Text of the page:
Long-Term Care Insurance
One out of three individuals who
reach the age of 65 will spend at least three months in a nursing home and one
out of four will spend a year or longer. Because of longer life expectancies and
because the cost of long-term care
now averages over $3,500 a month, more people are taking a serious look at
purchasing long-term care insurance.
Before shopping for a long-term care policy, do some homework. Make sure you
understand just how these policies work so that you can purchase the right
policy for your needs and resources. Then as you compare policies, look at these
five specific things:
- First, the length of the elimination period. This is how long the insured
individual must be in the nursing home before the insurance actually starts
paying. Think of it as the deductible on this policy. The longer the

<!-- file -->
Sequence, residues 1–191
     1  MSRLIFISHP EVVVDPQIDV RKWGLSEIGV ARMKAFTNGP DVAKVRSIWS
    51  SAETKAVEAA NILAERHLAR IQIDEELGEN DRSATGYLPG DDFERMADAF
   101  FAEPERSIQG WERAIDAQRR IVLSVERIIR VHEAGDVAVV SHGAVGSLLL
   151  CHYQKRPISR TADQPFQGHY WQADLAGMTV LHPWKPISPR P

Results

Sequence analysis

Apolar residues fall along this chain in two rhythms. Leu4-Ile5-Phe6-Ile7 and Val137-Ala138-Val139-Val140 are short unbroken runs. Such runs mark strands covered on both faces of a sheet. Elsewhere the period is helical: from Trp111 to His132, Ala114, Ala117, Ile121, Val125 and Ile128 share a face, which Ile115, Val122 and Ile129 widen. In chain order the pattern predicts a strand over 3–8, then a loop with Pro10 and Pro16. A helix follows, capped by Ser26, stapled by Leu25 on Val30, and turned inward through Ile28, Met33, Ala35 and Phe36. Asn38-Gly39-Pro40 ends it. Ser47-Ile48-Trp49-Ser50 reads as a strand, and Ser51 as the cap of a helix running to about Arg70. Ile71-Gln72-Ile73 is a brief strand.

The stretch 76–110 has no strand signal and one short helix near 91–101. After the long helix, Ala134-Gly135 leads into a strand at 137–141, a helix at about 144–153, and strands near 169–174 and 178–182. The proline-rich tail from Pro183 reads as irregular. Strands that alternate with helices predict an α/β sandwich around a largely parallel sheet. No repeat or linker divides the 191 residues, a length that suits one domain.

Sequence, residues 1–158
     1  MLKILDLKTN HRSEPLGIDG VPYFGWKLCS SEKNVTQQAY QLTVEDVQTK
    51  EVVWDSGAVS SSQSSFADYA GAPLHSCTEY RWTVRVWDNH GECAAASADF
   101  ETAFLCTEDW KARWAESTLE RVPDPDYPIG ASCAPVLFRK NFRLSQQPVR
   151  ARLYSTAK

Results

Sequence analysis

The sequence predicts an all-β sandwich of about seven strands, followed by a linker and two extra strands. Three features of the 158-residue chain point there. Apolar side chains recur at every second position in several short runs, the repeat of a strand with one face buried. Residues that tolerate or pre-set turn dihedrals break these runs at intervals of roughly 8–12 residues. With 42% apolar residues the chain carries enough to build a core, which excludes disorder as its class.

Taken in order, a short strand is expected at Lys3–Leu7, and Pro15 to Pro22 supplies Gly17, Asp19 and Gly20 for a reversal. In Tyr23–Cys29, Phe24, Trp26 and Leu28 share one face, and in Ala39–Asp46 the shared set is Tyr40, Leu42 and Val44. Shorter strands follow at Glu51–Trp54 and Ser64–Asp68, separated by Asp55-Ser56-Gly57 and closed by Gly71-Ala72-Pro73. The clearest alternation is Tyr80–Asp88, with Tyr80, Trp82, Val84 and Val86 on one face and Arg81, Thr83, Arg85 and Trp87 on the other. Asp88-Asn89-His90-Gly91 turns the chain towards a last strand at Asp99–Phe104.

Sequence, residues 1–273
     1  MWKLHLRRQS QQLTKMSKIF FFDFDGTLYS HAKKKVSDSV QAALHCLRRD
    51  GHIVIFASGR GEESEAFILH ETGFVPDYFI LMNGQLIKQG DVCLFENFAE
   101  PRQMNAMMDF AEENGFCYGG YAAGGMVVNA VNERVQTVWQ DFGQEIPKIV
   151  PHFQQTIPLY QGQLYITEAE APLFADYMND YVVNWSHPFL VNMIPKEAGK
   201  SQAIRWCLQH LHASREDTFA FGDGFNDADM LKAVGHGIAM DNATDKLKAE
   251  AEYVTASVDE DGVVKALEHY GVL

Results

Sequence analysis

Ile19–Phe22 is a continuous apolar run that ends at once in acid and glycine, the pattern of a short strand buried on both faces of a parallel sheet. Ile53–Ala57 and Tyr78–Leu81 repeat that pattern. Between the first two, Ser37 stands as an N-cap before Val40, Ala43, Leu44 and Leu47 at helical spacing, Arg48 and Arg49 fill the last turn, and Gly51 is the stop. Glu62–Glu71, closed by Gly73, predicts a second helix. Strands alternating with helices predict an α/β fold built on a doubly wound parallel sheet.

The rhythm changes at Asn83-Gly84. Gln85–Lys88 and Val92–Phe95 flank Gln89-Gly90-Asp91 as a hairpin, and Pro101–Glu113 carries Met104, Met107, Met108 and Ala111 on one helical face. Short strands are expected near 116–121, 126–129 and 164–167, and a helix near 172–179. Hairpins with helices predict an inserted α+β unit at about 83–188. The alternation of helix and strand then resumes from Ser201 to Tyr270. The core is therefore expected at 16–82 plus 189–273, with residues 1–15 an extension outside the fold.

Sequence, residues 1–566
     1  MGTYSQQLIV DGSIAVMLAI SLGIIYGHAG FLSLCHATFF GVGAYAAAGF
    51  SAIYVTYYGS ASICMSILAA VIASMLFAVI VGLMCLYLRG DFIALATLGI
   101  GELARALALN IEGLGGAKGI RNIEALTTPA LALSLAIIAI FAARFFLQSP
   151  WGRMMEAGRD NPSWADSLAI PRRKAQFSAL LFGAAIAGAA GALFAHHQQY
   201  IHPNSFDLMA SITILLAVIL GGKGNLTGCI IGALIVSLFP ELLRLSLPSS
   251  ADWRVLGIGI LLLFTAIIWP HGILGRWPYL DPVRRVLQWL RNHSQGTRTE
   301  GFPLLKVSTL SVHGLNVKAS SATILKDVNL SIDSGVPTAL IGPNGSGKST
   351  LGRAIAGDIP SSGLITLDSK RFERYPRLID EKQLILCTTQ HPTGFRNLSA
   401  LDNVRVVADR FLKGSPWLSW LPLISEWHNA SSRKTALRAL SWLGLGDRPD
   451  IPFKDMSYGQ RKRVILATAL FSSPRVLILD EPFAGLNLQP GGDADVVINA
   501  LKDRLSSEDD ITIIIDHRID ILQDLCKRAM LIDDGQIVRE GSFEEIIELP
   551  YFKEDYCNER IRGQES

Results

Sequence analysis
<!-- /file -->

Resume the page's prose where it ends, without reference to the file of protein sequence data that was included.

elimination period, the less expensive the premium.
- Next, look at the length of the benefit period. Two to three years of
benefits is normal. The longer the benefit period, the more expensive the
- Then make sure your policy specifically covers Alzheimer’s disease. Some
policies actually specifically exclude care for Alzheimer’s patients.
- Now make sure the policy is guaranteed renewable. With guaranteed
renewability, your policy cannot be cancelled unless you stop paying the
premiums or your benefits have been used up.
- And finally check for an inflation rider. You want to be sure your policy
will keep up with rising costs of long-term care.
Carole Bozworth, BozworthC@missouri.edu
Regional Specialist, Consumer and Family Economics
Jackson County, MO
University of Missouri Extension